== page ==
Despite some successes, however, the extremely high pathogenic variability and adaptability of the blast pathogen remains the most challenging problem in managing blast in large rice production areas. Most varieties currently have good resistance due to active breeding programmes, reflected by relatively few episodes of variety collapse, but there are still many vulnerable areas. "Without significant investment in pathogen monitoring and upgrading resistance in rice varieties, we are seeing a gradual erosion of resistance," Leung reveals. He gives the example of the 'mega variety' IR64, which was released in the mid-1980s and carried five blast-resistant genes. Susceptibility began to be seen in Indonesia in the early 2000s; more recently high susceptibility has been observed in the Philippines, with an outbreak of blast in IR64 in 2013.
According to Leung, the monitoring of blast resistance in varieties and the effectiveness of resistant genes is essential to staying ahead of the pathogen. Using smart combinations of resistance genes to stabilise the pathogen requires surveillance over large areas and an understanding of how the pathogen changes. International collaboration is needed to collect and characterise pathogen populations in different countries. "Understanding the pathogen population dynamics should facilitate the development of a sustainable scheme for managing blast disease," IRRI scientist Bo Zhou adds.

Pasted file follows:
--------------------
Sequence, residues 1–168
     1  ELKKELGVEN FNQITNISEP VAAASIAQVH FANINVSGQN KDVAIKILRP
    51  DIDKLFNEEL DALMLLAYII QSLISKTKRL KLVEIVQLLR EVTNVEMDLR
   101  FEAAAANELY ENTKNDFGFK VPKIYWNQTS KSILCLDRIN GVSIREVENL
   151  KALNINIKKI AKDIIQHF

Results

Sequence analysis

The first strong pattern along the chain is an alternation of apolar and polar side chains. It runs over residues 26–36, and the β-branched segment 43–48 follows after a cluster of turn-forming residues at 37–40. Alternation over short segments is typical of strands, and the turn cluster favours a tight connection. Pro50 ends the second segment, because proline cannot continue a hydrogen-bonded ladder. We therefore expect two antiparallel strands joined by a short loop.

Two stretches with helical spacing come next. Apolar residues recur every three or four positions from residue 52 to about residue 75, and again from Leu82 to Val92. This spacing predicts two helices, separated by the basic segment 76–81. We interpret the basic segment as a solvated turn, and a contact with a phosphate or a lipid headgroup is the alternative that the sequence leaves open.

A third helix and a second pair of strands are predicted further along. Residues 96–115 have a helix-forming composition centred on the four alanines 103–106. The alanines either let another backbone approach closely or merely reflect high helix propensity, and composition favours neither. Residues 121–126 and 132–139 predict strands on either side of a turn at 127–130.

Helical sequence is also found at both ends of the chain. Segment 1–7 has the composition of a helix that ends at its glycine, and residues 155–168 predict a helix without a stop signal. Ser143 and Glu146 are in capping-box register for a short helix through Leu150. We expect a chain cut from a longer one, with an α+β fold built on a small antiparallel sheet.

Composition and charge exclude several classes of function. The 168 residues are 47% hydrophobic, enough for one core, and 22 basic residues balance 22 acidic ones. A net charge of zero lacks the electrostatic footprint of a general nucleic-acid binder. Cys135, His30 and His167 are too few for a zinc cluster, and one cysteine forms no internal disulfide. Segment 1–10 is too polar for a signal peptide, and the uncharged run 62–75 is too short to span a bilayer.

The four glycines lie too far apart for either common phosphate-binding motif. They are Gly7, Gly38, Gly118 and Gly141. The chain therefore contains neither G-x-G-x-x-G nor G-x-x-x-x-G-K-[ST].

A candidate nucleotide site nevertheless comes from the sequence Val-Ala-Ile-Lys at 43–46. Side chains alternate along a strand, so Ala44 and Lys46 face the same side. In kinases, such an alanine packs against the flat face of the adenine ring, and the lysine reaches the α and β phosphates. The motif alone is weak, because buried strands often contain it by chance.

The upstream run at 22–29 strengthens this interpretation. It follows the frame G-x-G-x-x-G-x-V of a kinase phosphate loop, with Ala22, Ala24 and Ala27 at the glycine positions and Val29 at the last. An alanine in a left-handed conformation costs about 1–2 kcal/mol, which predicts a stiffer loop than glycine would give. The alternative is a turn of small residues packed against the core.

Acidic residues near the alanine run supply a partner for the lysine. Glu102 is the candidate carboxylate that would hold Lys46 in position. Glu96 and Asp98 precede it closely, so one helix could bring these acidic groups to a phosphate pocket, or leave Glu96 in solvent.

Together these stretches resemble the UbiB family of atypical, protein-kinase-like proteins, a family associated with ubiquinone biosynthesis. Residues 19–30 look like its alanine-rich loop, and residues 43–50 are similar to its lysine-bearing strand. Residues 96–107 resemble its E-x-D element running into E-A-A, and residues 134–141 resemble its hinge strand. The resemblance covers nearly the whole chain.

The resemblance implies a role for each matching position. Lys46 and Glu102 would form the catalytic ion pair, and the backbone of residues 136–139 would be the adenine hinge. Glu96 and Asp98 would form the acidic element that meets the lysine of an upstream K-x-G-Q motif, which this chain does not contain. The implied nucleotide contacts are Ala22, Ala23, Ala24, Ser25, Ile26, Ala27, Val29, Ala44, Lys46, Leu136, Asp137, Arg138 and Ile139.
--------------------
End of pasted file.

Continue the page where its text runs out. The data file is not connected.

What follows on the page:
Leung also highlights the need to tap into the diversity of rice by using low-cost genome sequencing to fully explore and deploy rice diversity. IRRI has around 120,000 accessions of rice germplasm maintained in the International Rice Gene Bank but only about five per cent has been actively used in breeding programmes. "We have recently launched an ambitious project to sequence ten per cent of the accessions," he explains. "So far we have obtained sequence information from 3,000 rice genomes. This will enable us to use the DNA-fingerprints of the rice accessions to select those with good potential for resistance breeding, and for improving other traits as well."
With growing concern about the use of excess chemicals, IRRI expects that building better blast resistance into rice varieties will be the primary crop protection strategy in the future. But with an unusually high capacity to change and adapt, breeding for blast resistance will be a never-ending process: "Developing blast resistance varieties is an 'arms race' between rapid pathogen evolution and rice breeders," Leung states.
* Zhu Y, Chen H, Fan J, Wang Y, Li Y, Chen J, Fan J, Yang S, Hu L., Leung H, Mew TM, Teng PS, Wang Z, Mundt CC. 2000. Genetic diversity and disease control in rice. Nature. 406:718-722.
With contributions from: Hei Leung and Bo Zhou, IRRI
Date published: January 2014
To subscribe to regular updates of the latest New Agriculturist articles send us your email address, and choose your preferred language.
Lisez les dernières informations dans l'édition française du New Agriculturist
Focus on: Crop diseases
Have your say
The New Agriculturist is a WRENmedia production.